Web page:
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How Archaeologists Use Technology to Recapture the Past

by Brian Fagan

Pub Date: Feb. 1st, 1995
ISBN: 0-671-79385-3
Publisher: Simon & Schuster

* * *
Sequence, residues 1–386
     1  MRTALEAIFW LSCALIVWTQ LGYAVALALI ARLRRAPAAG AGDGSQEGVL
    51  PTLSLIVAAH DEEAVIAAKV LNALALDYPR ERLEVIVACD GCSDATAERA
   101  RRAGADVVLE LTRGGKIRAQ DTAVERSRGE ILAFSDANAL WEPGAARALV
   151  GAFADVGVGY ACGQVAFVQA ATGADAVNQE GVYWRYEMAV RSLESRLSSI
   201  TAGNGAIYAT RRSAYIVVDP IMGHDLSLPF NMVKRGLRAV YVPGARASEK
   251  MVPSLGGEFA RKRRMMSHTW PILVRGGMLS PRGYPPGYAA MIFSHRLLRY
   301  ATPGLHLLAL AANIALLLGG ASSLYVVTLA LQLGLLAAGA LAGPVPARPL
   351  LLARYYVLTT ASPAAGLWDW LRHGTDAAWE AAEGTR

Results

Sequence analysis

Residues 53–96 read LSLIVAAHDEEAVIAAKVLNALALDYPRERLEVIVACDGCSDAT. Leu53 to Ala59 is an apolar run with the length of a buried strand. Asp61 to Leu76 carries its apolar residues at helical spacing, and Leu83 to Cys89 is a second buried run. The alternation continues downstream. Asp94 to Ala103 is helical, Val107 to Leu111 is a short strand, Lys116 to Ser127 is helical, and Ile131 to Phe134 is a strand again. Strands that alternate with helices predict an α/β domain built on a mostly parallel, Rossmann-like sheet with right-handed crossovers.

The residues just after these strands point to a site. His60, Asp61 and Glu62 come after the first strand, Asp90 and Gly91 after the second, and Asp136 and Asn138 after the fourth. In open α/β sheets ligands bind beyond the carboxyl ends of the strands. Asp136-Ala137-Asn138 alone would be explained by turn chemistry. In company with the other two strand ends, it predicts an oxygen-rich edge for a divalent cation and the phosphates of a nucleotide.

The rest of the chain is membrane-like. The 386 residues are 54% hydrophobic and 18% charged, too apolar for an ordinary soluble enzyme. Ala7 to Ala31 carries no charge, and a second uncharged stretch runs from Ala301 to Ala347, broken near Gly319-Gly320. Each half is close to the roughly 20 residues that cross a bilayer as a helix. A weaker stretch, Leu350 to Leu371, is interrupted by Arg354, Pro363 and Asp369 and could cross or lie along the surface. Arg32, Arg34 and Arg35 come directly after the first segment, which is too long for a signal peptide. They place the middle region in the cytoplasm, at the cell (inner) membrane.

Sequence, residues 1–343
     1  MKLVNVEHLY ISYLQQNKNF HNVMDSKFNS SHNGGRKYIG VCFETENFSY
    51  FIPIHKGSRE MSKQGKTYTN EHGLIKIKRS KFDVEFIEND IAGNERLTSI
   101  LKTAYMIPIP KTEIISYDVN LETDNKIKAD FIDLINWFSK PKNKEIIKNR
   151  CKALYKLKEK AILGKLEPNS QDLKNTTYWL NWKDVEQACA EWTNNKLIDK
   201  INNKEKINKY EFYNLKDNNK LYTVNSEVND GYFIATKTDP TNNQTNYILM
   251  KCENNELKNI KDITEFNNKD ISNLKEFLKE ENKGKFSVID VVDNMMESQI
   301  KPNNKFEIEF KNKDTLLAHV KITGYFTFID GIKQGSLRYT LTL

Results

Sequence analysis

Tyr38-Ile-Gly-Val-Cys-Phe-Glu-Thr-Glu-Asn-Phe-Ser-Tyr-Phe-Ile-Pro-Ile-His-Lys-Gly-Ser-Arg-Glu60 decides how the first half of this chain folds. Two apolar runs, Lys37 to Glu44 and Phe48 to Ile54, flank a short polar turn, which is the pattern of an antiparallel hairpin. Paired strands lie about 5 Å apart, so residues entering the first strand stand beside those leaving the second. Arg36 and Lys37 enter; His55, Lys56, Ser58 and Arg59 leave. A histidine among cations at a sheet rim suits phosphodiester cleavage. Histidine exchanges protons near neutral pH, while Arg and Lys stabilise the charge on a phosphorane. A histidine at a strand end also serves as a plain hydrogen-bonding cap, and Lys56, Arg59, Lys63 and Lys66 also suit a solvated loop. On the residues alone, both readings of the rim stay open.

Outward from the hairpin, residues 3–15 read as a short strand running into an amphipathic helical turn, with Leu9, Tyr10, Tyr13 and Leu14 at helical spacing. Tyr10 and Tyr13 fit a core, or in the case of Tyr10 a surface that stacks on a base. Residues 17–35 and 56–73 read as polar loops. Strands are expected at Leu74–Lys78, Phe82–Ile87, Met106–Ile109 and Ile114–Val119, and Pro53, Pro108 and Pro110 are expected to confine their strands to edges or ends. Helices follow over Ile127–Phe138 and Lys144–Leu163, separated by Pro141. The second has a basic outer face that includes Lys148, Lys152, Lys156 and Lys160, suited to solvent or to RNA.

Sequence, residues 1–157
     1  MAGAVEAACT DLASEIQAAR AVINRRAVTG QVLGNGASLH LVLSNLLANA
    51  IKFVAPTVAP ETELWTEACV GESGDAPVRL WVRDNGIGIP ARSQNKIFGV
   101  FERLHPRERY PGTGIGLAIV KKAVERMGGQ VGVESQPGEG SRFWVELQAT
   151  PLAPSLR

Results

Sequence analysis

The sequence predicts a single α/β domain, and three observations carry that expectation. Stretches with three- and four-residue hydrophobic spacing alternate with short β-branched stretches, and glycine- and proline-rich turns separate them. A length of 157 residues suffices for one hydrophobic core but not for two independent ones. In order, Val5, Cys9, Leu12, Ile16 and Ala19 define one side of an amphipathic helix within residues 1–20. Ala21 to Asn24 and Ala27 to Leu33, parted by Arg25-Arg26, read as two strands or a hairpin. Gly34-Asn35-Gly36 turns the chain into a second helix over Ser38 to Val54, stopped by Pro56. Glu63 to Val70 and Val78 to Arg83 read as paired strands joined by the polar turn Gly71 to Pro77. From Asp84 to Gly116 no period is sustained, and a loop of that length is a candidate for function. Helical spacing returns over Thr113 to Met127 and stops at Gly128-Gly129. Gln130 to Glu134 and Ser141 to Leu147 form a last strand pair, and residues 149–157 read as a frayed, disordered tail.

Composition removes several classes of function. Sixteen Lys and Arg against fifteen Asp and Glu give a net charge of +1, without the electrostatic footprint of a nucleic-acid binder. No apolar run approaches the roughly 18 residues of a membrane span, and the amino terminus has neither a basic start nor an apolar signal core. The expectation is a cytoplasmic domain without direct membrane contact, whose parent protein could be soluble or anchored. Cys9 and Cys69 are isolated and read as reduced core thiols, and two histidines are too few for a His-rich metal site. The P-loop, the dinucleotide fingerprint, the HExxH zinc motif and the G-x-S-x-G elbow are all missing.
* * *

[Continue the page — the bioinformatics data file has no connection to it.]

In a whirlwind tour of 13 archaeological sites around the world, Fagan's sleepy, fact-heavy narrative fails to present major scientific discoveries as much more than the sum of their plodding details. Fagan (Quest for the Past, 1994, etc.) has a solid grasp of the complexities and innovations of the discipline's techniques. Nevertheless, his central point, that archaeologists are now using advanced scientific technology and have transformed themselves from ``diggers to time detectives,'' should come as no surprise to anyone with even a mild interest in science. The book is compelling in those sections where Fagan details the highly specific conclusions that archaeologists draw from mundane bits of evidence (bone-fragment analysis reveals the prehistoric Anasazi of the American Southwest practiced cannibalism) and the use of high-technology instruments to explain the mysteries of ancient civilizations (the use of NASA satellites to determine how the Maya fed their large population). But Fagan undermines his stated purpose by discussing several major discoveries that were based on low-technology innovations (the flotation tank that separates out prehistoric seeds from a site on the Euphrates river) and no technology (the interpretation of Mayan glyphs by creative linguists). Nowhere does the book explain why these particular discoveries were profiled, and not all chapters include explanatory illustrations beyond a map. As such, Time Detectives is plagued by a general sense of incoherence, which is heightened by overgeneralizations, absurd arguments (the ``similarity'' between violent conflict among the pre-Columbian Chumash Indians and present-day homicide statistics), and glaringly obvious statements: ``No single genius `invented' agriculture.'' The most serious flaw is Fagan's failure to communicate the excitement of archaeological research. We are left with a detailed but superficial review of the important findings of several modern archaeologists. (8 pages b&w photos, not seen; 26 line drawings)